The technology behind the website that 30% of Swedes visit every day

3 million unique visitors each day, that is how much traffic, the biggest website in Sweden, handles. Add to that the 15 TB of data the site pumps out daily and you get some idea of the scale of its operations. And keep in mind Sweden is a country with only 9.6 million people.

We at Pingdom visited Aftonbladet recently to find out how this cutting edge website is managed and monitored, and met with two of the guys that made this all happen: Christian Lizell, Systems Architect, and Tobias Järlund, Lead Developer. Here’s what we found out about how they and the rest of the team keep the site ticking.

From the left: Christian Lizell, Project Manager, and Tobias Järlund, Lead Developer.
From the left: Christian Lizell, Systems Architect, and Tobias Järlund, Lead Developer. You can read more about these guys at the end of the article.


By almost any measure,, the main online component of the newspaper, is big. According to the KIA Index, the site is number one in Sweden. The paper also ranks high when it comes to web TV (number two), mobile (number one), and mobile apps (number five).

aftonbladet pingdom dashboard website
According to Aftonbladet:

  • The site gets around 3 million unique visitors per day.
  • Traffic peaks at 100,000 requests per second when some news stories are published.
  • Traffic is split over 50% mobile, 40% desktop, and about 10% tablet.
  • Traffic results in about 15 TB per day in bandwidth, not including ads and TV-streams.


When you enter the office at Aftonbladet it’s hard to miss the dashboards. Five computer displays are perched just below the ceiling at one end of the open office landscape. The displays show a number of dashboards, each one with critical information about some aspect of Aftonbladet’s web infrastructure.

Here’s a selection of what metrics Aftonbladet collects:

  • Uptime in percentage.
  • Time since last interruption.
  • Number of clicks on the homepage in the last 10 minutes.
  • The tree most clicked articles.
  • Requests per second to the servers.
  • Requests per second to the caches.
  • Bandwidth in and out.
  • SQL queries per second.
  • The size of the biggest picture on the homepage.
  • Number of active visitors.
  • Size of the homepage in megabytes.
  • Response time.
  • And much more.



In terms of hardware and software for keeping this running, Aftonbladet uses:

  • Debian, MySQL, and Tomcat.
  • The servers are Intel-based HP servers, but they also use virtual VMware servers for certain applications.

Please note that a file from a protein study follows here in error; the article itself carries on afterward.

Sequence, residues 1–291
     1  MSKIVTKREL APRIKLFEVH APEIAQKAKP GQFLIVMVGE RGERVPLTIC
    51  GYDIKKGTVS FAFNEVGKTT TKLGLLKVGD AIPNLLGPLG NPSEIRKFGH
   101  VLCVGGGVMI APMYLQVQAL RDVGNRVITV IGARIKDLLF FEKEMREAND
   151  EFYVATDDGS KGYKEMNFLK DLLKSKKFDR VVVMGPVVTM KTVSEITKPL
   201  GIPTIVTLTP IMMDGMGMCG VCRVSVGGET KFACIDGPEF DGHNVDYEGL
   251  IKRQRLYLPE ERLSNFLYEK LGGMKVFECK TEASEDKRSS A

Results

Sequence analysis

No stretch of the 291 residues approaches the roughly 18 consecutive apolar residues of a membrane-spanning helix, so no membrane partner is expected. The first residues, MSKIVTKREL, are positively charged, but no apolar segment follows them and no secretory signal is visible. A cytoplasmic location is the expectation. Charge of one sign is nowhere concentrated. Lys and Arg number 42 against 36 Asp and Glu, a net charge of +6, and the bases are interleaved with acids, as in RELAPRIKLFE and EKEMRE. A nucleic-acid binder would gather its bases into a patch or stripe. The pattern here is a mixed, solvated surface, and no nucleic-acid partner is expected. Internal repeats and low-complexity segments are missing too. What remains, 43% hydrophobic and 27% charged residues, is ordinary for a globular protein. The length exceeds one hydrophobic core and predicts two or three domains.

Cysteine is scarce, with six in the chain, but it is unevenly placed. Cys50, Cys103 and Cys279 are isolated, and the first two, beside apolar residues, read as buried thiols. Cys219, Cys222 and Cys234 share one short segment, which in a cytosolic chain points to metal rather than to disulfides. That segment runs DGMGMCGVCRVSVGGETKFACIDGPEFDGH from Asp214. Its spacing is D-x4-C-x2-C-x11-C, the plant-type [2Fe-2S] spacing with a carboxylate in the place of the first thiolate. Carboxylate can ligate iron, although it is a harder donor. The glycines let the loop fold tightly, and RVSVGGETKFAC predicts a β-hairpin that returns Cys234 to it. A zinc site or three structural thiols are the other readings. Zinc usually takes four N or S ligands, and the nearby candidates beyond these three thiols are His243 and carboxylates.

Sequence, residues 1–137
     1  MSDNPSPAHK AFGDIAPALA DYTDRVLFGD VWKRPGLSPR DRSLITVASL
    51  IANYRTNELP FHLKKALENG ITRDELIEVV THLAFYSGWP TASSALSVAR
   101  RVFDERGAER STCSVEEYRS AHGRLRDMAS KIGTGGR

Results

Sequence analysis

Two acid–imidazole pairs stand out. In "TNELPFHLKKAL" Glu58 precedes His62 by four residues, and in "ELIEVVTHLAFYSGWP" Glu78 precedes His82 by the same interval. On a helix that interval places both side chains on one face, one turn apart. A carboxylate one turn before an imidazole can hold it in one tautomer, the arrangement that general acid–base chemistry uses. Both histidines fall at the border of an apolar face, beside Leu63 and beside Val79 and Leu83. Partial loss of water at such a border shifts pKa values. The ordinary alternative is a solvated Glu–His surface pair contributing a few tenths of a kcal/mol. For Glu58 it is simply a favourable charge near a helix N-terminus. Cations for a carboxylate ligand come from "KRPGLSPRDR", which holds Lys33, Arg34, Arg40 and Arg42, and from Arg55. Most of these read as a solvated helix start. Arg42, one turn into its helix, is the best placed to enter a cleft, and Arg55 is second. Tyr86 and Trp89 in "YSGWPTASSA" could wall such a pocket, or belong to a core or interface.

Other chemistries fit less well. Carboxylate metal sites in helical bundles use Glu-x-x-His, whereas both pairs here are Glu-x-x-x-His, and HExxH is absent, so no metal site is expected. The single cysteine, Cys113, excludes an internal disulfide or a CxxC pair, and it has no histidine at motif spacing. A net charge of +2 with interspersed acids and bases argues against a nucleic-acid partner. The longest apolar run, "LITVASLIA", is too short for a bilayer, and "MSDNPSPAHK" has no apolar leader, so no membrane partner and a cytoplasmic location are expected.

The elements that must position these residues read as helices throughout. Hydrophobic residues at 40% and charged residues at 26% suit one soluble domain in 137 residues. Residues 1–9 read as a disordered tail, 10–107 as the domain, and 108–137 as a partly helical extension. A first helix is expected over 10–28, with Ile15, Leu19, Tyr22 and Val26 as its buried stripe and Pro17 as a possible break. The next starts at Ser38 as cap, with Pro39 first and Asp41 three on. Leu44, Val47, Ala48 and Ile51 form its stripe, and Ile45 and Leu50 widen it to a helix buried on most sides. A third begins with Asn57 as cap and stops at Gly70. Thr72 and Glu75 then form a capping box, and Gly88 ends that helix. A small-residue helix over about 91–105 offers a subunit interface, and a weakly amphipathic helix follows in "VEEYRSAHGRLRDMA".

• Four machines deliver all the content for
  • Editors enter articles into Escenic Content Engine.
  • Content is not precompiled, but caching (with four machines running Varnish) is used extensively.
  • A CDN (Content Delivery Network) is also used.

aftonbladet website dashboard


Aftonbladet is using a number of other tools to keep things running smoothly. In the toolbox we find:

  • Google Analytics real time API.
  • Nagios.
  • Pingdom for uptime monitoring.
  • Xymon.
  • Several measuring- and monitoring tools developed in house.

aftonbladet website

We’d like to know about your setup

We would like to send a big thank you to Christian, Tobias, and everyone else we met while visiting Aftonbladet. Spending a few hours there really allowed us a glimpse into what it takes to run such a busy site. During our visit, news stories were published, and many in the office kept a close eye on the dashboards to see what was happening.

Visiting Aftonbladet was awesome, but we’re just as interested in your setup. What hardware and software do you use for your site and how do you keep it running? Let us know in the comments below or on Twitter.


Tobias Järlund is a front- and back-end web developer with a passion for web performance, scalability and security. He is the lead developer at Aftonbladet, where he’s trying to reshape the news industry from within.

Christian Lizell is a software developer with the consulting firm Athega. He’s a programmer since childhood, with a focus on the web since the mid-90s. Recently he’s been working with the architecture behind and with a focus on performance and uptime. To monitor systems and to visualize their status in real time with dashboards is dear to his heart.


  1. we @holvi might not be as big as these guys but i think we have an interresting setup, and would be interested in sharing with @Pingdom

  2. Really interesting, dashboards and big screens is true geek-porn 🙂 Pretty graphs is just icing on the cake 🙂

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